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As far as I can tell, with the introduction of MethodHandle in Java 7 came the introduction of compiler-generated method overloads.

The javadoc for MethodHandle states (I've trimmed the examples):

Here are some examples of usage:

Object x, y; String s; int i;
mh = ...
// (Ljava/lang/String;CC)Ljava/lang/String;
// (String, char, char) -> String
s = (String) mh.invokeExact("daddy",'d','n');

// (Ljava/lang/Object;Ljava/lang/Object;Ljava/lang/Object;)Ljava/lang/Object;
// (Object, Object, Object) -> Object
x = mh.invokeExact((Object)1, (Object)2, (Object)3);

// (Ljava/util/List;)I
// (List) -> int
i = (int) mh.invokeExact(java.util.Arrays.asList(1,2,3));

// (Ljava/io/PrintStream;Ljava/lang/String;)V
// (PrintStream, String) -> void
mh.invokeExact(System.out, "Hello, world.");

Each of the above calls generates a single invokevirtual instruction with the name invoke and the type descriptors indicated in the comments. The argument types are taken directly from the actual arguments, while the return type is taken from the cast immediately applied to the call. This cast may be to a primitive. If it is missing, the type defaults to Object if the call occurs in a context which uses the return value. If the call occurs as a statement, a cast is impossible, and there is no return type; the call is void.

In effect, invokeExact and friends behave as if there is an overload for every possible combination of paramaters and return type.

I've heard that MethodHandles are preparing for features in Java 8 like lambdas. (I know they are already useful for scripting languages.)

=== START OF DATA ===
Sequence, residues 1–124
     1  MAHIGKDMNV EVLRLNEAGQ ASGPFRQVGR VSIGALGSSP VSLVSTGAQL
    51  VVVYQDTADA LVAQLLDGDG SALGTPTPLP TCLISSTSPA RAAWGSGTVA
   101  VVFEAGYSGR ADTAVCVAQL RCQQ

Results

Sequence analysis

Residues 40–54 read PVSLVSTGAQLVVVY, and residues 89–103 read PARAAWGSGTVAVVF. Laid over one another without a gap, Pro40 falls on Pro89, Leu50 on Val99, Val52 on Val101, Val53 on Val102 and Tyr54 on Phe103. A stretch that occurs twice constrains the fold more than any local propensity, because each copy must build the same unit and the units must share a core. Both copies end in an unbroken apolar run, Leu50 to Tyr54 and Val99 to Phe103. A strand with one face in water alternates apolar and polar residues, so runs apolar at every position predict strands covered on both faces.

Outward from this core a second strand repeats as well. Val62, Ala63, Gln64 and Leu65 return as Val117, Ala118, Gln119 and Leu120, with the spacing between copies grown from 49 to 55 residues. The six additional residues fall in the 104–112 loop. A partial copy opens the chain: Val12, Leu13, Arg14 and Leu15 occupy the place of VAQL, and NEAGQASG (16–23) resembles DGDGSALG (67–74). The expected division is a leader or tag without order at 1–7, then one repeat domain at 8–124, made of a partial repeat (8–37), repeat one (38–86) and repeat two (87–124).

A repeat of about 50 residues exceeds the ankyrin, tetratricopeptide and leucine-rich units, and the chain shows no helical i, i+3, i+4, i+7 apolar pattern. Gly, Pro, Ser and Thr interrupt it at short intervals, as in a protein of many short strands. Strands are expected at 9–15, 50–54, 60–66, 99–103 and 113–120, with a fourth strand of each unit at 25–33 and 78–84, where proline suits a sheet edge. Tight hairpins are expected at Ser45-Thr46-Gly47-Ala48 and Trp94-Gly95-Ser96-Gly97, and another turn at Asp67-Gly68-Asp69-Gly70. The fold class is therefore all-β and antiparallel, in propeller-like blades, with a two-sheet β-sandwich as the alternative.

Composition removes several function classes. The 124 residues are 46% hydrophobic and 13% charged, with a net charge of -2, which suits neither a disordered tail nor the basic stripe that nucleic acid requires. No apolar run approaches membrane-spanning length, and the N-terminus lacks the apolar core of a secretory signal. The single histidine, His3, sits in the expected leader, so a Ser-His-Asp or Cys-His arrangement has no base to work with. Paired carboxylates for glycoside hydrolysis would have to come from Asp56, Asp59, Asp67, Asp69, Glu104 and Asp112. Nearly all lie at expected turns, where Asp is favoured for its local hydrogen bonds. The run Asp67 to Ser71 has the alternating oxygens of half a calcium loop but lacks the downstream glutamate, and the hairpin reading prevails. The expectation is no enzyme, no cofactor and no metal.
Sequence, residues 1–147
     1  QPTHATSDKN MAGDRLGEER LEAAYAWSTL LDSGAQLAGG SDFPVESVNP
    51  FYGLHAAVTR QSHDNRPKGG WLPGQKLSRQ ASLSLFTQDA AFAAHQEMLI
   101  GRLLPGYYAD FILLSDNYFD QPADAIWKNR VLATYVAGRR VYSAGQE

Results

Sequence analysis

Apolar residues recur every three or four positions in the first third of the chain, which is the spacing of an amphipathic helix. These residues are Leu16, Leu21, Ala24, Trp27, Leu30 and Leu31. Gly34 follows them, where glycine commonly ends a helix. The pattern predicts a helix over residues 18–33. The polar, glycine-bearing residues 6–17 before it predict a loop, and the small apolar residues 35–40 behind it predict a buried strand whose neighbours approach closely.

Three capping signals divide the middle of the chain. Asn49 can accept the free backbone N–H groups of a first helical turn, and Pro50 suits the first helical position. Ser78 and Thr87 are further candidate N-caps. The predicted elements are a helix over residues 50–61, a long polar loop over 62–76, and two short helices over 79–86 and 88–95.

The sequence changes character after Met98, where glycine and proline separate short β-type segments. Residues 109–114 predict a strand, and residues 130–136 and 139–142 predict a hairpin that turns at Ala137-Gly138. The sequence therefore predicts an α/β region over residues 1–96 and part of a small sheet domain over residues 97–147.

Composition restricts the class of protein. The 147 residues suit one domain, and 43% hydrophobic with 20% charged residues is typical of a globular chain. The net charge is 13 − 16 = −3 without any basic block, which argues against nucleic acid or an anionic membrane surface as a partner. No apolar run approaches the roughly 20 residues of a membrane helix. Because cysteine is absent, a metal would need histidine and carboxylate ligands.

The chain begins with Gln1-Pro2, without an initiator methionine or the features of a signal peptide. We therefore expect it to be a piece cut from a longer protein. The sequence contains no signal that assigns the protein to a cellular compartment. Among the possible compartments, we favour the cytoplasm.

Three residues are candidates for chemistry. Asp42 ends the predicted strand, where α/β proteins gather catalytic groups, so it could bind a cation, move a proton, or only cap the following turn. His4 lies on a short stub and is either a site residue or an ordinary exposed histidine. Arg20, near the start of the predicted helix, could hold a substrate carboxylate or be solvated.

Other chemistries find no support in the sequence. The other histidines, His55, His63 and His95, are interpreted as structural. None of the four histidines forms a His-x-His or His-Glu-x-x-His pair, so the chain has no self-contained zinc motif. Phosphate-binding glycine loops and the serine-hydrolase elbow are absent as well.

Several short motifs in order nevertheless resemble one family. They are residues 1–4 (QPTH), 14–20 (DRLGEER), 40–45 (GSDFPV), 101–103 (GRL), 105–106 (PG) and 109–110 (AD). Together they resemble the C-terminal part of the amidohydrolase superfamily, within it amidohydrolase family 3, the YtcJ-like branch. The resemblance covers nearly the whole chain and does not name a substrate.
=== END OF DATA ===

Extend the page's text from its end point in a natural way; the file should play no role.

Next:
So, are there more of these compiler-generated overloads hiding around in Java? Are there hints there will be more of them in the future (say, with extension methods)? Why is it necessary in the first place? Merely speed? How does it help lambdas out (I thought lambdas would compile to an anonymous inner class)?

In short, what's the rationale; why are they (generated overloads) useful now and in the future?

UPDATE: What I call compiler-generated overloads here, the Oracle guys call signature polymophic.

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2 Answers 2

up vote 6 down vote accepted

I just came across an Hotspot internals wiki on MethodHandles and invokedynamic

It makes a few interesting points that answer these questions (and a few more).

  • What is called compiler-generated overloads in the question, the java guys call signature polymorphic.
  • MethodHandle.invokeExact and friends are unique, being the only signature polymorphic methods.
  • On the HotSpot VM, the invokevirtual bytecode for MethodHandle.invoke* is secretly converted to an invokehandle instruction.
    • invokehandle is like invokedynamic; a few internals are different, and where each invokedynamic instruction must point to it's own Constant Pool Cache Entry (CPCE), invokehandles can share CPCEs.
  • invokedynamic uses the non-public MethodHandle.invokeBasic on the HotSpot VM
    • MethodHandle.invokeBasic is like invokeExact but more loose; for one it does not check the types of at the call-site with those of the callee.
  • Hot method handles (including invokedynamic) can be JIT-compiled

Additionally, lambda expressions will be implemented via invokedynamic. (Got that from Edwin Dalorzo's answer.) This means lambda expressions

  • will indirectly use MethodHandle.invokeBasic on the HotSpot VM (see above), and
  • are eligible to be JIT-compiled
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+1 Great reference material. –  Edwin Dalorzo Dec 22 '12 at 13:58

These two links may not answer all your questions, but they might be a good starting point:

This is reference material comming from the expert group currently working in the JDK 8: Project Lambda. With luck you can find some explanations there, above all about your missconception of lambda expressions as inner classes.

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Very informative. Thanks! –  Michael Deardeuff Dec 22 '12 at 6:18

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